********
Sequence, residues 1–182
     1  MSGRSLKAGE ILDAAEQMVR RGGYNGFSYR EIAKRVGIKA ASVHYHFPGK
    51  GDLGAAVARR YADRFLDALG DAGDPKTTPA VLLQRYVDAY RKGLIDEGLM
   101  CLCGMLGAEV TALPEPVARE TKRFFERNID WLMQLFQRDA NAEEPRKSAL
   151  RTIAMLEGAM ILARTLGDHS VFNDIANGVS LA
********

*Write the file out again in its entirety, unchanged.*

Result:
Sequence, residues 1–182
     1  MSGRSLKAGE ILDAAEQMVR RGGYNGFSYR EIAKRVGIKA ASVHYHFPGK
    51  GDLGAAVARR YADRFLDALG DAGDPKTTPA VLLQRYVDAY RKGLIDEGLM
   101  CLCGMLGAEV TALPEPVARE TKRFFERNID WLMQLFQRDA NAEEPRKSAL
   151  RTIAMLEGAM ILARTLGDHS VFNDIANGVS LA